Mayor Lightfoot Releases the Chicago Building Decarbonization Working Group Recommendations Report
Report recommends equitable solutions to address the nearly 70% of emissions that come from buildings in Chicago
CHICAGO — Today, Mayor Lori E. Lightfoot released the Chicago Building Decarbonization Working Group (CBDWG) report, which recommends equitable solutions to address the nearly 70% of total citywide greenhouse gas emissions that come from buildings in Chicago. The report release comes as Mayor Lightfoot continues to make progress on the City of Chicago’s Green Recovery Agenda, a plan to combat climate change by drastically reducing the City’s largest sources of emissions, reducing the city’s reliance on fossil fuels and driving green economic opportunities for residents.
“My administration launched the Green Recovery Agenda at the height of the pandemic to achieve an equitable and environmentally-just economic recovery from the COVID-19 pandemic,” said Mayor Lightfoot. “This set of bold recommendations in the Chicago Building Decarbonization Working Group Recommendations Report, developed with and for all Chicagoans, provides a suite of strategies that can help Chicago meet its Climate Action Plan goals equitably and ensure that no one community is left behind and that we prioritize clean, healthy, and efficient buildings for all.”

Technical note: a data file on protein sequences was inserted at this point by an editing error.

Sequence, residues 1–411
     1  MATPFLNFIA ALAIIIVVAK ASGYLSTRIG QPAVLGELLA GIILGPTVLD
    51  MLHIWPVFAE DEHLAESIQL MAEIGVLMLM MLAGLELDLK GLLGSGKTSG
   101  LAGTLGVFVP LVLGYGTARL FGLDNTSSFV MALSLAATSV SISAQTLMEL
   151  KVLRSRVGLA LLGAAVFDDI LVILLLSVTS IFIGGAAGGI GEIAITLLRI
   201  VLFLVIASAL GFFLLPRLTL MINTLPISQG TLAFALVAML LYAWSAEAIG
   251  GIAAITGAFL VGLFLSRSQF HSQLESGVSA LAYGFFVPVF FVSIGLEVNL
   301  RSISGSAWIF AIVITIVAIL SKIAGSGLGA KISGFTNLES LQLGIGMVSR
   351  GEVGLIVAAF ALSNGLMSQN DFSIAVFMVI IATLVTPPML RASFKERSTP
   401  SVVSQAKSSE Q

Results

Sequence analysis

The report was developed by the Mayor’s Office in partnership with Elevate and Natural Resources Defense Council (NRDC), through the American Cities Climate Challenge. The team engaged in months of research to analyze best practices in decarbonization from 12 North American cities. The research was followed by a yearlong effort to engage stakeholders across the city via focus groups and in-depth interviews with leaders citywide. The team then transitioned to forming CBDWG, that was comprised of 53 technical experts, civic leaders, and community stakeholders across many sectors.
“I’m proud of what this working group has done to center equity in our conversations and hear from diverse stakeholders all across the City to inform these recommendations,” said Anne Evens, CEO of Elevate. “Reducing carbon emissions is a necessity, and we can start by bringing its benefits to those who need it most.”
The CBDWG divided into three sub-groups — Existing Buildings, New Construction, and Financial and Technical Assistance. The report assesses each subject area and identifies concrete policies and actions to:
- Equitably advance decarbonization for all, particularly homeowners, community anchors, and local businesses in Chicago’s historically underserved communities.
- Drastically reduce fossil fuel use and establish the highest efficiency standards for new construction.
- Improve building energy use and performance through energy retrofits, advancement of renewable energy, and the electrification of existing buildings.
- Identify financial and technical support and resources to ensure the successful decarbonization of Chicago’s building stock.